It was a big class with a whole bunch of newbies. There were 50 people and I was smack dab in the middle. The heat was fine, but the humidity was way high, and at times it felt like there was no air in the room. But even with all that, class was still good.
Lenette called me out a few times for rushing. I wasn't even aware of it, and I think it was a reaction to the humidity. I let it get to me a bit, lost some focus, and started anticipating. I think almost every other teacher would have let it go (probably not Libby, and definitely not Sherie). Lenette expects better from me, and I like that.
Once again I had really good backbends, and a good back strengthening series, especially Locust. I'm feeling even a bit more in my middle back in Camel. This pose is funny. Once I could grab my heels, maybe 4-6 weeks into practice, it became one of my favorite poses. I never had any of the dizzying/overwhelming feelings that seem so common here. It stayed that way for a long time, and was one of my favorites.
Then, for no apparent reason, it changed. I was doing better in the pose, but it started to feel harder and harder. It was just a strain with all the pushing forward at the hips. Instead of liking it, it became one of my least favorite poses. And it was one that would typically wipe me out.
And now, again for no reason that I can see, its shifted back again. Pushing forward just isn't a struggle the last few classes, and I really can feel what they mean by lifting the chest. And all in all, I just think of it as being fun now when for the longest time it was anything but. (Awkward is another pose that goes through cycles for me. For the longest time I just liked it, and recently its been really tough -- tough to the point where i've been tempted to ease off/cheat.)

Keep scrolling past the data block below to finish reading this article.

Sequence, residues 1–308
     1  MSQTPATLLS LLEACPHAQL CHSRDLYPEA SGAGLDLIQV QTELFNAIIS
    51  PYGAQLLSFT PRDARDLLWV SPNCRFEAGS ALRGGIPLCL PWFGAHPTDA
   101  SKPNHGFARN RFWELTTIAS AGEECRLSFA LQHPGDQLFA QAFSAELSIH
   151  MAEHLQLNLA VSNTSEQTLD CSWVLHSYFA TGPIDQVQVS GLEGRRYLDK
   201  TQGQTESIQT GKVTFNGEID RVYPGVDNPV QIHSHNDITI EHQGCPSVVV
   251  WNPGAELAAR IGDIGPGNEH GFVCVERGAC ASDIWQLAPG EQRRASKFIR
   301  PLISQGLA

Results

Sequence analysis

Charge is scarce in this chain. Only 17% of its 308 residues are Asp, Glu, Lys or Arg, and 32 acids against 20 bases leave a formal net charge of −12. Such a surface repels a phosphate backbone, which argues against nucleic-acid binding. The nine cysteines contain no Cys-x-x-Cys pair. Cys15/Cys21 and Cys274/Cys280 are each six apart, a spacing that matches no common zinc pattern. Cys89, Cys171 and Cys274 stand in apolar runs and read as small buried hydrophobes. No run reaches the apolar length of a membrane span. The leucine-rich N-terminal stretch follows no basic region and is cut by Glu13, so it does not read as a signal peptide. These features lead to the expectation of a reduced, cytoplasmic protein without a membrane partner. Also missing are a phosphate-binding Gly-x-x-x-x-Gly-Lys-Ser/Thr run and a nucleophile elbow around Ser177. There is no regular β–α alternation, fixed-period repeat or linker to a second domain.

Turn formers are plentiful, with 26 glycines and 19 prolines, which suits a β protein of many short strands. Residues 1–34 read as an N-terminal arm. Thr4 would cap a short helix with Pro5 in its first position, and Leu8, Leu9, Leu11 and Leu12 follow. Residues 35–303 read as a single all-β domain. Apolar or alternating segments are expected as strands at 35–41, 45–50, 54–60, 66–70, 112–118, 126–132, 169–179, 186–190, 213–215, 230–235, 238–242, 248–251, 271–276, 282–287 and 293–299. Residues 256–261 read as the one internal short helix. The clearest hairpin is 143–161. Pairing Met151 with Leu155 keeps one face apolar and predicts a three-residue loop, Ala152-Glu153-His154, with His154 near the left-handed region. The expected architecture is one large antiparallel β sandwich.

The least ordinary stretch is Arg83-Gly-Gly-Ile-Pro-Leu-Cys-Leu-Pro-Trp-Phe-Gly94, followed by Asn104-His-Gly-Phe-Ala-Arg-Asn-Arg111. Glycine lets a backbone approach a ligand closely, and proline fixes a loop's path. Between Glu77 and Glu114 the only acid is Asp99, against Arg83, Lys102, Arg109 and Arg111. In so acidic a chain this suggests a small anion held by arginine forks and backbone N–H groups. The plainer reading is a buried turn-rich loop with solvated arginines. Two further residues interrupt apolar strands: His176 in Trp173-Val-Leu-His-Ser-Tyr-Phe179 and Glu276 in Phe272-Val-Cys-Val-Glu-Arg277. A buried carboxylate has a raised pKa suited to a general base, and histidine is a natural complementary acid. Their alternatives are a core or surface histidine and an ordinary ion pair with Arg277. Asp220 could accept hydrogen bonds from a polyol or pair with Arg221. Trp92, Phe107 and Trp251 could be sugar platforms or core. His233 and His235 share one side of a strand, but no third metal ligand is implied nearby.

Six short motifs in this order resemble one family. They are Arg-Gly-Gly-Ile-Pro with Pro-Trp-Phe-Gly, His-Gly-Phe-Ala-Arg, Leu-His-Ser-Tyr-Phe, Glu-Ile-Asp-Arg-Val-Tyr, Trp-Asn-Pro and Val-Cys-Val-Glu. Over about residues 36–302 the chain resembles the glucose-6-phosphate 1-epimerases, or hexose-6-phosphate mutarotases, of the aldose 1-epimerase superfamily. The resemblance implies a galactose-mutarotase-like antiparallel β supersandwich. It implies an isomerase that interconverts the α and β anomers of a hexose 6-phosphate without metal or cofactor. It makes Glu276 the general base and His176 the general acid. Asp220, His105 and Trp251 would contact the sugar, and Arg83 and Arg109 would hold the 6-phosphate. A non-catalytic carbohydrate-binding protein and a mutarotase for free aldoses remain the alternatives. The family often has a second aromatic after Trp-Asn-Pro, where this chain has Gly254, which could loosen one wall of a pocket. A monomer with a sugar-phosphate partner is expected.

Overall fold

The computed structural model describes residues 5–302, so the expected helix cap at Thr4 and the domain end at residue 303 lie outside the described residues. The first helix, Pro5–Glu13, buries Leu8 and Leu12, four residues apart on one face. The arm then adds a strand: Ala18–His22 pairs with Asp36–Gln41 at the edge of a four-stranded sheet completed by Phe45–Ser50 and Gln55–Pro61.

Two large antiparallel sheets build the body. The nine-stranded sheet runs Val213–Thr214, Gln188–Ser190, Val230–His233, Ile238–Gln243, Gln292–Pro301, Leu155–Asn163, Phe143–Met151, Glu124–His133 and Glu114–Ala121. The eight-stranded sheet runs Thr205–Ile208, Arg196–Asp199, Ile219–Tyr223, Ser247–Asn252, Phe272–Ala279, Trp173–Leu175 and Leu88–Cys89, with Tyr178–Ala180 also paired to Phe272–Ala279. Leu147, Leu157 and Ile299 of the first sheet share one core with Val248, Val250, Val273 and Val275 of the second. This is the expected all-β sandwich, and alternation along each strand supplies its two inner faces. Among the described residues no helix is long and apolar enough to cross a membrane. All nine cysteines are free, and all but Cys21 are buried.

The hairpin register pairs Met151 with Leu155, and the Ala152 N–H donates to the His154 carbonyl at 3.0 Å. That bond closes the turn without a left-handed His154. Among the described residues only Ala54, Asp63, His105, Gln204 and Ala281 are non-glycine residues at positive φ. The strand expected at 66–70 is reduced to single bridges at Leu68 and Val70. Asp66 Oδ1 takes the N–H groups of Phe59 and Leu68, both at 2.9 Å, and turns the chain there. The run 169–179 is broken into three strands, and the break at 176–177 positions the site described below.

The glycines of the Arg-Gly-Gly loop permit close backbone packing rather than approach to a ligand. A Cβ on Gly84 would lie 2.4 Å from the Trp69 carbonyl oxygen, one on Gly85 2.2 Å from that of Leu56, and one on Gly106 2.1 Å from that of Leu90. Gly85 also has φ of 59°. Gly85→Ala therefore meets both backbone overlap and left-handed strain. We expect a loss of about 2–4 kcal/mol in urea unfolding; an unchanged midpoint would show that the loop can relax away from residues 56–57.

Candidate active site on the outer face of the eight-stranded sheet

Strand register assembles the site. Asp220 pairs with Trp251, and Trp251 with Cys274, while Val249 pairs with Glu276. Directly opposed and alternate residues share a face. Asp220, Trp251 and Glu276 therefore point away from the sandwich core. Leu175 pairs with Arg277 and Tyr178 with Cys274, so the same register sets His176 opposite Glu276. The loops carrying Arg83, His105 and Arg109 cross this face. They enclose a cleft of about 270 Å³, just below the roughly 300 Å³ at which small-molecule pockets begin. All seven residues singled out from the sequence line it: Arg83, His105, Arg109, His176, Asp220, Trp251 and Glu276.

In the day 205 meditation Gates has started running through how the five afflictions affect us on the mat. The first affliction is spiritual ignorance. On the mat, this manifests itself mostly in identifying ourselves with our results. Thus, a good class makes our day, but we kick ourselves for having a bad class. Or we compete with the people around us. Or we just compete with ourselves.
These are all natural tendencies for me, and I'm gradually shedding them. And for the most part I agree that its best to shed them, if possible. But here's the catch. If I can't beat myself up because my head is still a foot off the floor in Standing Separate Leg Stretching, then doesn't it also follow that I shouldn't celebrate when I finally do get my head on the floor? I like my breakthroughs, and I love small compliments (and big ones). But should I like them so much?